[2] Simply Haiku: A Quarterly Journal of Japanese Short Form Poetry ~http://simplyhaiku.haikuhut.com/SHv3n3/features/anita_virgil_senryu.html

Pink ballerina

This poem is for my beloved niece, the only person I can think of, who gardens in a tutu. I adore the way she has begun to thread together complex sentences, now that she is three.

Pink ballerina

I found some impressive Macramé creations (photos further down) at a store and thought to inveigle this art into the poem somehow. It adds to my terminology of thread crafts that I have tried to use in my poetry. It must be a highly meditative effort for those that knot yarn or twine into an elaborate aesthetic.

Enjoy the poem and thank you for reading.

Earth sought succour in root and in the arrival of a pink ballerina / a shortcrust* of yearning crumbled in mud, awaiting that sandy renunciation / to be scooped and patted like loam clay into a concrete planter / This little girl is awash in the business of making mud pies or earth flan / and are they not nursery rhymes she gurgles at the English weather / darkened, of thunderous portent, yet its stiff upper lip quivering in a slow rumble// 

She loops time into a Larks head for Macramé / and in the tapestry of minutes spent sifting sand, moulding clay / they work their way into square knots and clove hitches, those ringing voices of rain clouds that traipsed within hearing / while she was alone at play, when dipping a promise of pink roses into the soil, trying to pot seasons into place//

She is transfixed by the tones of these Aeolian charms / frightfully delighted that they resonate in a symphonic choral with her /singing of mirthful gnomes, of winged fairies, scurrying field mice, musical robins, thieving magpies, startled bolts of lightening / and perhaps of love being the sameness of loam found in every forest throbbing with root reaching root//

Yet the burgeoning crescendo lacks timbre of the flowers that have not yet bloomed on the sameness of leaf / that are a blur of mystery plants awash in green / There, in this leafy overwhelm, she bellows a tantrum across the Atlantic that I can hear / for she is a fledgling gardener and what use is taxonomy in mud play//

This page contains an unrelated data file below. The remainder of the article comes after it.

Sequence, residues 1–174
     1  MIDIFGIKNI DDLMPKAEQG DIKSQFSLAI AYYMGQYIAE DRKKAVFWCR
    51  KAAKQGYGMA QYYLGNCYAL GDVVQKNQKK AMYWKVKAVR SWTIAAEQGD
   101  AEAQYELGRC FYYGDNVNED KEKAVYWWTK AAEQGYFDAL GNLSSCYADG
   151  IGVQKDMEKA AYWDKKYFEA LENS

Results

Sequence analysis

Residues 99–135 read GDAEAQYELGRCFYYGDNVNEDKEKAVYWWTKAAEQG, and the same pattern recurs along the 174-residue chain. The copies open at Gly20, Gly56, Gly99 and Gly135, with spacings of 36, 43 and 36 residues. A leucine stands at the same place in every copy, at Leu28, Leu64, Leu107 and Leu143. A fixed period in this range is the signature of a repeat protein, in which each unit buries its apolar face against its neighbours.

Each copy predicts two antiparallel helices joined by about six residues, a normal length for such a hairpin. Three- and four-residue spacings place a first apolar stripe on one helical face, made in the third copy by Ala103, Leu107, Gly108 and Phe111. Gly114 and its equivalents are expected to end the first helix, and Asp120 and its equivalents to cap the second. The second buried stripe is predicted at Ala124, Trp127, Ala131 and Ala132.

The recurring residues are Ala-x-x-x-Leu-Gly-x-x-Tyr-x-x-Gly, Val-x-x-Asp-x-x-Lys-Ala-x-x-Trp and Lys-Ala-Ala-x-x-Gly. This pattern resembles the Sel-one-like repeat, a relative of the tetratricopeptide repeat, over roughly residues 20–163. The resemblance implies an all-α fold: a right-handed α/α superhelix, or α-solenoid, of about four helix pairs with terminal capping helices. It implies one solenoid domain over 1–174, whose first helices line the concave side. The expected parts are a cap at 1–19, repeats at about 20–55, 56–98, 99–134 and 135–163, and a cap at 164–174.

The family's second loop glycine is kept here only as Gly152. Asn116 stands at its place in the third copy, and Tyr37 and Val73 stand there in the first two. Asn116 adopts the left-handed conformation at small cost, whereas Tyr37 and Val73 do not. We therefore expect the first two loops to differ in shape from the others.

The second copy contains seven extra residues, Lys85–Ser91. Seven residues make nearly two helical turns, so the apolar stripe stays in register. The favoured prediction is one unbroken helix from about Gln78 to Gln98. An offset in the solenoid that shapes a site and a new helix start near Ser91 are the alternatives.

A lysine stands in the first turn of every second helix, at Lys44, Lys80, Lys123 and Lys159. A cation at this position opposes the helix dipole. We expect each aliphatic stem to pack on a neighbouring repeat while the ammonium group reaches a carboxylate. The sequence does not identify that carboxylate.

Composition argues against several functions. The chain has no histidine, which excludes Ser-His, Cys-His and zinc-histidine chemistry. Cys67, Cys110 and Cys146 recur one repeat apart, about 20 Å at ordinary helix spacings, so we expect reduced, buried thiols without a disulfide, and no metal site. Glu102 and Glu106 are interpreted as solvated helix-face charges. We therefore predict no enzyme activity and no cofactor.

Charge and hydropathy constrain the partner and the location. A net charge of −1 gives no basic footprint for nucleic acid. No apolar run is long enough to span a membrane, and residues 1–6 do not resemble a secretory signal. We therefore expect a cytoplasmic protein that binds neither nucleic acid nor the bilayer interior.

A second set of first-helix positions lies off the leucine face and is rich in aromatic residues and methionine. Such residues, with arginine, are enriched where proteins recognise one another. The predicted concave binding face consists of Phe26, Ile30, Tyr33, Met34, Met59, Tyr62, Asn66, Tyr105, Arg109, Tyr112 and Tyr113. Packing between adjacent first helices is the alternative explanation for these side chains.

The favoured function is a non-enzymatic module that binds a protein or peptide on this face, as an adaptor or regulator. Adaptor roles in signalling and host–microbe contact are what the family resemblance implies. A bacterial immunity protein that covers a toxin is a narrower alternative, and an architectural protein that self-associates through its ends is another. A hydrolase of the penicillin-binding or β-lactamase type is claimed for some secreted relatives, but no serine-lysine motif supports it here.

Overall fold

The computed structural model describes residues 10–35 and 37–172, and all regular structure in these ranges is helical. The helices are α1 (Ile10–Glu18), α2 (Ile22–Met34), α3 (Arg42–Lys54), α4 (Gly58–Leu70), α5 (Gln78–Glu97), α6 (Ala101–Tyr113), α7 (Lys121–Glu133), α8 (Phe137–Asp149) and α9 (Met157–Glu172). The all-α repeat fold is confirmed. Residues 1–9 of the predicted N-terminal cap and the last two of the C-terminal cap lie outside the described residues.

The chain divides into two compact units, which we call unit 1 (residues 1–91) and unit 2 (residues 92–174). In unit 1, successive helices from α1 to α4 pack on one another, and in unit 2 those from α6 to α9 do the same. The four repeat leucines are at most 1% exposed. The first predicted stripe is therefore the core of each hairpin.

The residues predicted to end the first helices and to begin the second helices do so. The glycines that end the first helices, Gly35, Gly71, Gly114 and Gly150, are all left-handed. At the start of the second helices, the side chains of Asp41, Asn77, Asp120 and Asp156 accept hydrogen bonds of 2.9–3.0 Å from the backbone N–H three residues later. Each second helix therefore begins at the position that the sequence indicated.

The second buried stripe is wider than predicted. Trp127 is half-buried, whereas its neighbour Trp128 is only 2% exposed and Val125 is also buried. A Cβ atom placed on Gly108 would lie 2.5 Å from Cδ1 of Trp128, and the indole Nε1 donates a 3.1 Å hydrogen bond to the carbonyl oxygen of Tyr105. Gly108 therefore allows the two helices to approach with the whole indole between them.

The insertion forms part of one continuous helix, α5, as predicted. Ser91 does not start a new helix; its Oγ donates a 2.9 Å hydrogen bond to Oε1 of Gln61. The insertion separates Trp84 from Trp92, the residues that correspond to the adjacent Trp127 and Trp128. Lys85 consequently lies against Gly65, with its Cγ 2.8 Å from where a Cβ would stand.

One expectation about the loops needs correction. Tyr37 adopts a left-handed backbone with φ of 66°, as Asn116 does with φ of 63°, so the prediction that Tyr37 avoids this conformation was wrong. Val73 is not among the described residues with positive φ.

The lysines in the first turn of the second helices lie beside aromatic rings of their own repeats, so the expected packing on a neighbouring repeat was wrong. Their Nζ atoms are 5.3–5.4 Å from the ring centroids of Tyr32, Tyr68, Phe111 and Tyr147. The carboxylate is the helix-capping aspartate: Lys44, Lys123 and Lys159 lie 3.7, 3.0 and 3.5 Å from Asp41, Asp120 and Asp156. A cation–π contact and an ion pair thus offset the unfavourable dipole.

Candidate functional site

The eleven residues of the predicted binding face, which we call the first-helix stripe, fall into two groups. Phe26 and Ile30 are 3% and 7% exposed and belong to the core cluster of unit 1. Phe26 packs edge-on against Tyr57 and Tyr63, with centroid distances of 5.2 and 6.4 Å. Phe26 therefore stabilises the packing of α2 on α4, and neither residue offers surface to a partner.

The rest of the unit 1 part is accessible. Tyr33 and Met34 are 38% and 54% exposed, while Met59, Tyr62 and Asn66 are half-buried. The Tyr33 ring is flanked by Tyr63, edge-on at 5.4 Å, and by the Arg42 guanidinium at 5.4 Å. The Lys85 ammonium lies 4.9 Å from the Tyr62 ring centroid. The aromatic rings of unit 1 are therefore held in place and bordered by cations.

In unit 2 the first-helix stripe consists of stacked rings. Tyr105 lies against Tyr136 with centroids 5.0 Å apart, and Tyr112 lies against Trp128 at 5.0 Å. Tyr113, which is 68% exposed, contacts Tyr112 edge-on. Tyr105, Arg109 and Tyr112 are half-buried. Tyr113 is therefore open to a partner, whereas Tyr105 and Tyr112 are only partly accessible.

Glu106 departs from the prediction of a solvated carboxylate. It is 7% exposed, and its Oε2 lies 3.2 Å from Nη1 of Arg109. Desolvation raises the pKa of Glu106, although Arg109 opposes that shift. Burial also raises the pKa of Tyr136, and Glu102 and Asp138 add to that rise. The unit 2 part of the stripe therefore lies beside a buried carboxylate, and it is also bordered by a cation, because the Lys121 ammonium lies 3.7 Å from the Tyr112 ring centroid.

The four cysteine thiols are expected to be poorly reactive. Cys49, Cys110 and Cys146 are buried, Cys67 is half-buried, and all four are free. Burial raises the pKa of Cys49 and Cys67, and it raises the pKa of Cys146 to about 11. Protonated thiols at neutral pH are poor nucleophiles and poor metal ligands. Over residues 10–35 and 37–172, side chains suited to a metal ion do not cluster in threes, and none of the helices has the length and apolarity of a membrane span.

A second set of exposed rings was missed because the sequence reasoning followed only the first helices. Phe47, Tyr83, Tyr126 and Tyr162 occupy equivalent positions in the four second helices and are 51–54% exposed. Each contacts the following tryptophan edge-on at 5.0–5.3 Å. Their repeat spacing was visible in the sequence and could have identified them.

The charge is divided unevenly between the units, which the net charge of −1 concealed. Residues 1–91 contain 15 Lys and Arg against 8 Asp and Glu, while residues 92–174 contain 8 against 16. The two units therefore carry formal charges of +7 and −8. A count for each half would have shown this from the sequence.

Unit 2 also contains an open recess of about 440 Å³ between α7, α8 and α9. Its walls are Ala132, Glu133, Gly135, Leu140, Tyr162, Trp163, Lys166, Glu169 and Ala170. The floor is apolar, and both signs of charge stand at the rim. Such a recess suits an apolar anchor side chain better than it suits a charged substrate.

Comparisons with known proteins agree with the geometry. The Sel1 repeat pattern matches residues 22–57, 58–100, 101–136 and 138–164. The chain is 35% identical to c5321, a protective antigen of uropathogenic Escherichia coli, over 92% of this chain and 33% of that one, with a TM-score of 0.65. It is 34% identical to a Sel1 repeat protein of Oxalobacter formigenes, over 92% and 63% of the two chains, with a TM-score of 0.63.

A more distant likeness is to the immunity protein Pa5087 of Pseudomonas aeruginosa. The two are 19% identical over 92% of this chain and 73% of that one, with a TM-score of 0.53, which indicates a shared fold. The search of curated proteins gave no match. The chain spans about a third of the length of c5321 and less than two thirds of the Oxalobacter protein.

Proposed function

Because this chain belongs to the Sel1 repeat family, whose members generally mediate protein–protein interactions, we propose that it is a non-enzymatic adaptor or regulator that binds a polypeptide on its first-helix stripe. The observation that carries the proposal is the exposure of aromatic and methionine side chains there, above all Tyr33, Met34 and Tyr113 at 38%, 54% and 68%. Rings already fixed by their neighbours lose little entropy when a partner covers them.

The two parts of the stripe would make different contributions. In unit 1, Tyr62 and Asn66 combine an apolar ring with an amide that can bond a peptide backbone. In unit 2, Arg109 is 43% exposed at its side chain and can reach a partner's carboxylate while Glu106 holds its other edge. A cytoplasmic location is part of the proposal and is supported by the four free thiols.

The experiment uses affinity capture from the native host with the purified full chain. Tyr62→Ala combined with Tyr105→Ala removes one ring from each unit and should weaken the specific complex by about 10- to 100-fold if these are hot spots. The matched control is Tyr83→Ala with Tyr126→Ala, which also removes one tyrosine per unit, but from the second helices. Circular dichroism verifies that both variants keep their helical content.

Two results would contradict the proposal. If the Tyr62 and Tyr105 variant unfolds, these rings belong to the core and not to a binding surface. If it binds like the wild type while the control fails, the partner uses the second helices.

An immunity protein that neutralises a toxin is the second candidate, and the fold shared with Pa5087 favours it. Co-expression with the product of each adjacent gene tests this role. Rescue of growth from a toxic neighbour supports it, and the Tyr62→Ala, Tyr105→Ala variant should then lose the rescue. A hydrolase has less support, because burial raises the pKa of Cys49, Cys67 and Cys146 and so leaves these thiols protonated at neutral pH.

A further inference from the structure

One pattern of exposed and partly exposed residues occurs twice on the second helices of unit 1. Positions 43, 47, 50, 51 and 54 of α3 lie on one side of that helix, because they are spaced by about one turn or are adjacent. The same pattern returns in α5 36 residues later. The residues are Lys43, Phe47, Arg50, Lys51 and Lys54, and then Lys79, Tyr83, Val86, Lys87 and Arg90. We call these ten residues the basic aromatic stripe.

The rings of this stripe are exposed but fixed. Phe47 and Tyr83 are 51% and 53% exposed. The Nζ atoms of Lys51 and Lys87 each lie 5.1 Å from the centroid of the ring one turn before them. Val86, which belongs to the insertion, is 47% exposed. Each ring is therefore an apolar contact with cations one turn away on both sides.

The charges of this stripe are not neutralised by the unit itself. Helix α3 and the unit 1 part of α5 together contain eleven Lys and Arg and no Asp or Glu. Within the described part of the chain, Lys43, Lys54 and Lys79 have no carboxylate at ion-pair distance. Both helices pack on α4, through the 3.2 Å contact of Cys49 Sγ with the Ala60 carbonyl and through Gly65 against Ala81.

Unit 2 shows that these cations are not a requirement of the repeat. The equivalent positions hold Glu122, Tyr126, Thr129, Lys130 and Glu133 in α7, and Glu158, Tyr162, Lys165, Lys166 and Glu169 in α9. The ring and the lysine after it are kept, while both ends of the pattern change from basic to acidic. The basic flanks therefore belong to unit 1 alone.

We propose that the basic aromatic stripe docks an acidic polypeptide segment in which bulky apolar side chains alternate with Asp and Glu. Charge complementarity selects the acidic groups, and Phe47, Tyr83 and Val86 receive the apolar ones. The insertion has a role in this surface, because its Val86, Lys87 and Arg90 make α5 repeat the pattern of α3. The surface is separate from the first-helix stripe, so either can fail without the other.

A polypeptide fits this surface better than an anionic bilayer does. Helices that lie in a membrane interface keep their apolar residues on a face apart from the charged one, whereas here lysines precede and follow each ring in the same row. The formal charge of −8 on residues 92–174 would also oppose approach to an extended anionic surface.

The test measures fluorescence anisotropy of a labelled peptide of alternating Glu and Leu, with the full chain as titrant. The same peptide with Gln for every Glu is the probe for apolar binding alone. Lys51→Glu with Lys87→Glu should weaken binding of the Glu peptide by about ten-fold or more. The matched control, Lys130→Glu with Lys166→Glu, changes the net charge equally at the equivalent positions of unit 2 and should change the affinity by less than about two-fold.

She gurgles rhymes to placate the thunder / to outshine the sun / and finds the lexicon is of limited skein, a finitude of hues in the spectrum / even as the legionnaires of weather rush to patent the syllables of love's petrichor, consonants of battling clouds, vowels of weeping skies / selfsame synonyms ricocheting in unison//

She is unafraid to rhyme in synchrony for the notes disperse in a swollen rain cloud showering poems / In this garden, she can be the sweetest thing for she invents love, as she pirouettes around rose bushes, clematis and tulips / with a soil scoop in one hand, a wand in the other, to ensure it is indeed magic she does//

Process and form:

I worked from a photo that’s been edited to a painted style, so this should count as a narrative and Ekphrastic exercise perhaps.

Macramé knots mentioned in the poem [1]:

In Macramé, a lark’s head knot is used to attach a cord or thread to something .

A square knot is one of the most widely used Macramé knots and it can be created as left facing or right facing. Square knots need to have at least 4 cords (2 working cords and 2 filler cords) but can have more.

A Clove Hitch, also called a Double Half Hitch, creates lines in a Macramé projects. They can be worked horizontally, diagonally, and on occasion, vertically.

Reference:

[1]How to Macramé: 7 Basic Knots to Master~https://www.thesprucecrafts.com/basic-macrame-knots-4176636


*I am compelled to add this shortcrust pastry recipe inspired by David Lebovitz. He has happy anecdotes to share of baking in France and his recipes are simply elegant

For the tart dough 
6 tablespoons (3 ounces, 85g) unsalted butter, cubed, at room temperature
1/4 cup (50g) sugar
1 large egg yolk
1 cup (140g) flour
1/8 teaspoon salt

1. Make the tart dough by mixing the butter and sugar together in a stand mixer fitted with the paddle attachment on low-to-medium speed, until combined, about 1 minute. (But do not whip.) Add the egg yolk and mix on low speed for 30 seconds. Mix in the flour and salt on low speed, until the dough comes together. If necessary, add a sprinkle of water if the dough feels too dry. Don't overmix it. (I often stop the mixer before the dough is done and mix it by hand, to avoid overmixing.)

French Apple Tart (Tarte normande)~https://www.davidlebovitz.com/aux-pommes-french-apple-tart-tarte-normande/

Stained to a blur in a cut-away marsh and a note on Patrick Kavanagh

I began work on this article and poem a few days earlier, never quite finishing it, but the weather is the tint of silver and grey, the roads have been licked by showers, the same as on that day when I heard, once, twice, thrice more, Pádraig Ó Tuama, a poet from Ireland speak about Patrick Kavanagh, a poet from Ireland and it inspired me to pot my poem into place, like a herb at a windowsill gazing at rain. There was magic in this Irish voice [1] lulling me into a rainy day stupor in words that were meant for April, for marshes, and I would have liked to say for love, but how do you describe a poem that is love.